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Commun Integr Biol. 2008 Oct-Dec; 1(2): 190–191.
PMCID: PMC2686019

Just in time for late-LTP

A mechanism for the role of PKMζ in long-term memory


It is a fundamental question in neuroscience how long-term memory formation is regulated at the molecular level. Although widely considered a highly complex process requiring numerous molecular players, it also has been speculated that a single protein could play a pivotal role. This “astonishing hypothesis” has made a significant impact on memory research and has led to a reevaluation of concepts regarding memory formation.1,2

Key words: PKMzeta, AMPA-receptor trafficking, long-term memory, long-term potentiation, actin cytoskeleton, metaplasticity

A recent publication by Yao et al.3 in The Journal of Neuroscience has provided compelling evidence that protein kinase M zeta (PKMζ), an atypical protein kinase C (aPKC) isoform, could mediate such a central function in memory formation by maintaining a stable enhancement of synaptic transmission at neuronal synapses, thus regulating the late phase of LTP (LTP3).4 PKMζ is a constitutively active, second-messenger independent, kinase produced from a brain specific PKMζ-mRNA which is transported from the nucleus to the dendritic tree. Once initiated, PKMζ facilitates the delivery of AMPA-receptors (AMPAR) into the synapse.5 Since PKMζ seems necessary and sufficient for preserving late-LTP and long-term memory in vivo,6 it can be considered a key player responsible for plastic properties of central neurons, thus providing the prospect of further exciting research on memory functions. However, the precise mechanism how PKMζ exerts its actions on AMPAR trafficking remained unclear.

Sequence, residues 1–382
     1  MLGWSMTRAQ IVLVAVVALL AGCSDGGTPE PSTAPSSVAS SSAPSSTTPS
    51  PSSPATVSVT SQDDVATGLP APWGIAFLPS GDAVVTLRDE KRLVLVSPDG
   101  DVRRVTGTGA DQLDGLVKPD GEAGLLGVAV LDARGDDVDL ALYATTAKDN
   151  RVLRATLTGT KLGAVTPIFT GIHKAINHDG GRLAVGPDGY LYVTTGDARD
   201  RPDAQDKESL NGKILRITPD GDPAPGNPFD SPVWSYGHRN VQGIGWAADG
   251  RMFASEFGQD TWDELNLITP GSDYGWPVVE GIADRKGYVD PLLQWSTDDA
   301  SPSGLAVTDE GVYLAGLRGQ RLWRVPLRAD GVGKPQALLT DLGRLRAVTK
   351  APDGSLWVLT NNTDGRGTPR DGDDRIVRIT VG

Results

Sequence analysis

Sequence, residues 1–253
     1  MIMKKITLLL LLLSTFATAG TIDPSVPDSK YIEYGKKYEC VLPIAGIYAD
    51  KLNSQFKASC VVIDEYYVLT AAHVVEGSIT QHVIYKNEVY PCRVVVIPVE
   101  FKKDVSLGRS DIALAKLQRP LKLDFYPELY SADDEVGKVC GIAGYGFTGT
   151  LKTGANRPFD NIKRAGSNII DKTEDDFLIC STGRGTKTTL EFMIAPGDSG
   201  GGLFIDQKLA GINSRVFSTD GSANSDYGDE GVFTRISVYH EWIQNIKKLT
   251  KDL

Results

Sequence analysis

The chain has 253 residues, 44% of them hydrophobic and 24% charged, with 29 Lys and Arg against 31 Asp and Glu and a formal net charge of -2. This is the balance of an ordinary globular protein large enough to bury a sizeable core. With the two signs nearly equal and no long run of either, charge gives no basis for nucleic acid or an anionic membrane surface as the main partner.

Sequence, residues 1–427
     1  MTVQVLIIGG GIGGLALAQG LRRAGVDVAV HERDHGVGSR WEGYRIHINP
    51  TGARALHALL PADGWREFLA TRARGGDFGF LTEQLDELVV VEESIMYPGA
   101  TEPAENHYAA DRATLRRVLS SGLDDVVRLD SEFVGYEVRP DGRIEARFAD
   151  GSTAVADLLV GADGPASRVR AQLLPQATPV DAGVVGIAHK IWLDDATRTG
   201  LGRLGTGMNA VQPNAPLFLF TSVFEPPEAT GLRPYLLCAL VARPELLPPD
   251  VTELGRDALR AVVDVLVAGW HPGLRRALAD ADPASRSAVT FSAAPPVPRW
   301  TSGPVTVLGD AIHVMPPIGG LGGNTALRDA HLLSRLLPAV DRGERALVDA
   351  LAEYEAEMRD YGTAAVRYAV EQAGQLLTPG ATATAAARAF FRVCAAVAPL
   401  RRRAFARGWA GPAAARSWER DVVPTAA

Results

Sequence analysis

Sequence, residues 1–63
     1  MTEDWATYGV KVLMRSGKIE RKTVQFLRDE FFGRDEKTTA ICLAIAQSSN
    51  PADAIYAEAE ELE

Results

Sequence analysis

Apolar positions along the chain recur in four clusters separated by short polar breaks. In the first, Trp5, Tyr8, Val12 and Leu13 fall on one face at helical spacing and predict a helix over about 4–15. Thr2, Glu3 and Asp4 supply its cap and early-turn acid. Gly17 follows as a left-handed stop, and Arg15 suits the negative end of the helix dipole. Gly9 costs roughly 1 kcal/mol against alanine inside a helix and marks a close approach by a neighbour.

Yao and colleagues tackled this issue by probing how PKMζ modulates major AMPAR trafficking pathways. In particular, they focused on the mobilization of AMPAR from extrasynaptic sites and AMPAR delivery via the exocytotic pathway. First, the possible involvement of N-ethylmaleimide-Sensitive Factor (NSF)/GluR2 signaling in PKMζ-mediated upregulation of AMPAR-dependent neurotransmission was studied (their Fig. 1, http://www.jneurosci.org/cgi/content/full/28/31/7820/F1). Through a whole-cell recording pipette, PKMζ and inhibitors of the NSF/GluR2 interaction were perfused into CA1 pyramidal cells and subsequent changes of AMPAR responses at Schaffer collateral/commissural-CA1 pyramidal cell synapses were recorded. Both pep2m, a protein that mimics the NSF-binding site on GluR2, and pep-NSF3, a peptide that blocks the ATPase activity of NSF, inhibited PKMζ-mediated potentiation of AMPAR responses. These results indicate that PKMζ enhances lateral diffusion of AMPAR through NSF/GluR2 interactions. To exclude the possibility that PKMζ could act via enhancing AMPAR-exocytosis, the authors also applied botulinum toxin B light chain (Botox B). This toxin blocks the exocytotic AMPAR trafficking pathway by cleaving vesicle-associated membrane protein (VAMP)/synaptobrevin. Since this approach did not affect the PKMζ-mediated potentiation of AMPAR responses (their Fig. 1D, http://www.jneurosci.org/cgi/content/full/28/31/7820/F1), the authors concluded that PKMζ did not act via this mechanism. Although these interpretations are plausible, we would like to add a note of caution: Botox B application produced a significant baseline rundown making it difficult to safely conclude that the exocytotic pathway is not engaged in PKMζ-mediated potentiation of AMPAR responses, even if baseline subtraction shows no significant difference in the recordings. Thus, the interpretation of the authors, although compelling, could be strengthened by additional corroborating data.